As previously mentioned, yesterday's final section was fairly short and ultimately sweet. I might have done better to include some more coastal sections, but as I would have had to go back inland, I opted to stick to to the main road of urban sprawl until route 688 which took down to the coast. I was surprised by a relative lack of beach bars and the like though perhaps I shouldn't have as one of the municipalities I went through was called "Dorado" and had that feel of wealth about it. There was a long stretch near the ocean untouched by significant development. One the inland side, iguanas had burrows in the sand. Evolution seems to have worked faster here as there were far more live than dead iguanas around and live ones seemed more readier to flee than elsewhere. Either that or the local government was faster at road kill removal! ;-)
Somewhere, I failed to make a turn that would brought me past a Bacardi museum which would have been fun, though potentially dangerous! ;-) I found the ferry terminal and thereby closed my tour around Puerto Rico. As previously mentioned, I arrived early by about two and half hours. Viejo San Juan is many things but it is not much of a place to explore with a laden touring bike on a nice Saturday. I found some lunch from a street vendor that allowed me to keep an eye on Leonardo and the bags. My Puerto Rican readers should not think that this is any form of prejudice against them, merely my standard practice in large, busy cities, especially in tourist areas. I wouldn't leave a laden bike out of sight in Old Montreal.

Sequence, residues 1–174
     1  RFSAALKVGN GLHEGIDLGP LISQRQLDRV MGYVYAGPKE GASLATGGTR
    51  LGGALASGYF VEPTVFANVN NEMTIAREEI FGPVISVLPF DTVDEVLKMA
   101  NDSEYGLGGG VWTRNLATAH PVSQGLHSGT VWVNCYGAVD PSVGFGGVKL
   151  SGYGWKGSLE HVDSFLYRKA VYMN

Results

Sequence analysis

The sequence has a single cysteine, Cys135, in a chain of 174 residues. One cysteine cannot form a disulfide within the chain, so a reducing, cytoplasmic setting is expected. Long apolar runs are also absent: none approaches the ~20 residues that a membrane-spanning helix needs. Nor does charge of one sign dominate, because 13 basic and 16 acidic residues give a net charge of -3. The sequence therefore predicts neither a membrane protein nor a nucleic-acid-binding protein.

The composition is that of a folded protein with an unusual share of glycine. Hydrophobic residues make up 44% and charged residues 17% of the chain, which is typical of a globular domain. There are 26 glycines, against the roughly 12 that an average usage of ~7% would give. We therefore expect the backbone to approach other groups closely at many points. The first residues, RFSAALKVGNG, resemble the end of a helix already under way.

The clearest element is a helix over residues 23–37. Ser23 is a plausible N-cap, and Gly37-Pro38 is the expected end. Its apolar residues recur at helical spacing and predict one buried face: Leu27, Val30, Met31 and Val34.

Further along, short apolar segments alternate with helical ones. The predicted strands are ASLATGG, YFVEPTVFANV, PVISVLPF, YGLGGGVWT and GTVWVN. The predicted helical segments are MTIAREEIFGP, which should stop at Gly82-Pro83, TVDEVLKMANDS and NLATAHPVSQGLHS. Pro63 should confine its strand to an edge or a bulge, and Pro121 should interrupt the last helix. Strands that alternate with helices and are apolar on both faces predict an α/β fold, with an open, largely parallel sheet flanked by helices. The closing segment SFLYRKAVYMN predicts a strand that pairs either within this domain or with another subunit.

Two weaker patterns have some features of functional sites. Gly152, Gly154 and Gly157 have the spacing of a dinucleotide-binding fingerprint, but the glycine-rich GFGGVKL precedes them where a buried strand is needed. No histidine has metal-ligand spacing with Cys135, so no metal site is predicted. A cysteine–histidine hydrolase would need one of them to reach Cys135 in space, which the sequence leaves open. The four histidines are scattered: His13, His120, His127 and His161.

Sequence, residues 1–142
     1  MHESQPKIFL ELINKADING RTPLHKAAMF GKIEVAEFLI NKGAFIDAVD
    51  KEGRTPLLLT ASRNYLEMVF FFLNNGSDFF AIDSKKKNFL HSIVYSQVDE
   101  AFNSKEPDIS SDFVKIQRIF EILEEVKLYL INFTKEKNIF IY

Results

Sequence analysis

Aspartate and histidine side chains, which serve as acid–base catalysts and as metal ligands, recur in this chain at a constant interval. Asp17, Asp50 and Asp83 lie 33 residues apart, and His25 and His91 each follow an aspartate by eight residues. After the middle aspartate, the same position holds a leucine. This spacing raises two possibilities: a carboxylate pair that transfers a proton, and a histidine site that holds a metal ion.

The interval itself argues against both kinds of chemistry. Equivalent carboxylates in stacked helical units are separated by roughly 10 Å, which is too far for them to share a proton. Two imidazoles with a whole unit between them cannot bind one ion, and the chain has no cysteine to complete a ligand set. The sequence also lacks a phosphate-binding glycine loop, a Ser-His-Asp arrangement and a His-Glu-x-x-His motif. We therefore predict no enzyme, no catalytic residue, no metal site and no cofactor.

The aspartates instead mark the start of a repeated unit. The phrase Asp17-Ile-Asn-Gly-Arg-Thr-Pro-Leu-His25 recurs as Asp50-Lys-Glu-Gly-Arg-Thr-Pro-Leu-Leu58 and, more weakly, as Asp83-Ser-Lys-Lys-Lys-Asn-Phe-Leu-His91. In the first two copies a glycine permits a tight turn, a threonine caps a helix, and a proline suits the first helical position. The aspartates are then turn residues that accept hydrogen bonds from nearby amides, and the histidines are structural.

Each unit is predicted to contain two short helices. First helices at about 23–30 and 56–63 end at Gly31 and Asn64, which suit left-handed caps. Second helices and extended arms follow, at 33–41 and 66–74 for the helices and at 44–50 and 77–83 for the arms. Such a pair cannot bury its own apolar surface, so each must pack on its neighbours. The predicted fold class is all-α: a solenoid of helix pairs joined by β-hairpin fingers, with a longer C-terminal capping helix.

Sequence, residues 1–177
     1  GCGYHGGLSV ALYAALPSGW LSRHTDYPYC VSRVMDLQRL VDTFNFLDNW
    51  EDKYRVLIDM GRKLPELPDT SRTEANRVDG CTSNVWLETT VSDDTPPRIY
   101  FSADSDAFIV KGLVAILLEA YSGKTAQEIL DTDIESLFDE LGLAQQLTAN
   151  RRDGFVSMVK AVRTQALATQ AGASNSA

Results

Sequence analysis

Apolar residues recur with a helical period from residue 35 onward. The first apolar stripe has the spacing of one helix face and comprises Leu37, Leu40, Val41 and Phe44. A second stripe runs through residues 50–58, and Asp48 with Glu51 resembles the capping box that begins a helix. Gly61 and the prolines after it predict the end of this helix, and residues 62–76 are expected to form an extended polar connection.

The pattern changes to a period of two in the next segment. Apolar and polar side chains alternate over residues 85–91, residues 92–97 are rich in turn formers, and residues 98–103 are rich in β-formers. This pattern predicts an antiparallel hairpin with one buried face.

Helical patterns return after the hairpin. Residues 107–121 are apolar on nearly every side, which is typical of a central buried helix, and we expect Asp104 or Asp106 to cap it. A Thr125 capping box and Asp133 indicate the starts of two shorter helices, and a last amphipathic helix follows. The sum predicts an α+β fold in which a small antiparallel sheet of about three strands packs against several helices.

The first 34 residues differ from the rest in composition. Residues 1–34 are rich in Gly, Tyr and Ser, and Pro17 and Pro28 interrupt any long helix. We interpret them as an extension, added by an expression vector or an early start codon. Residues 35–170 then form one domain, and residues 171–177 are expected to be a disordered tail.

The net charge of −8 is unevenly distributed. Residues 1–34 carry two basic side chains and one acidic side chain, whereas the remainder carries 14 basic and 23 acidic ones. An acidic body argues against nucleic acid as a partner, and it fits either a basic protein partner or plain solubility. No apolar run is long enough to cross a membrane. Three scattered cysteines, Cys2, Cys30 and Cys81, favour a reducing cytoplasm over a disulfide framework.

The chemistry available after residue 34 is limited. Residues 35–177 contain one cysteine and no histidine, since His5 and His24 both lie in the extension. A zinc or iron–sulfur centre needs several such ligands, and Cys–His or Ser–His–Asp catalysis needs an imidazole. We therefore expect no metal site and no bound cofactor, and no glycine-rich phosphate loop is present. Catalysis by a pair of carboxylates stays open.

Anyway, I eventually made my way to my hotel in Contado. By that time, I was sufficiently hot and sweaty that all I really wanted was a shower and a toes-up.
Today was spent doing various touristy things, especially the fort system. On odd thing I noticed in the Museo de las Americas was a very inconsistent policy regarding language. Some exhibits had signs in Spanish and English, others were Spanish only. If there was a logic to it, it escaped me. As well, in at least one gallery, the Spanish signs were about twice the size as the English ones.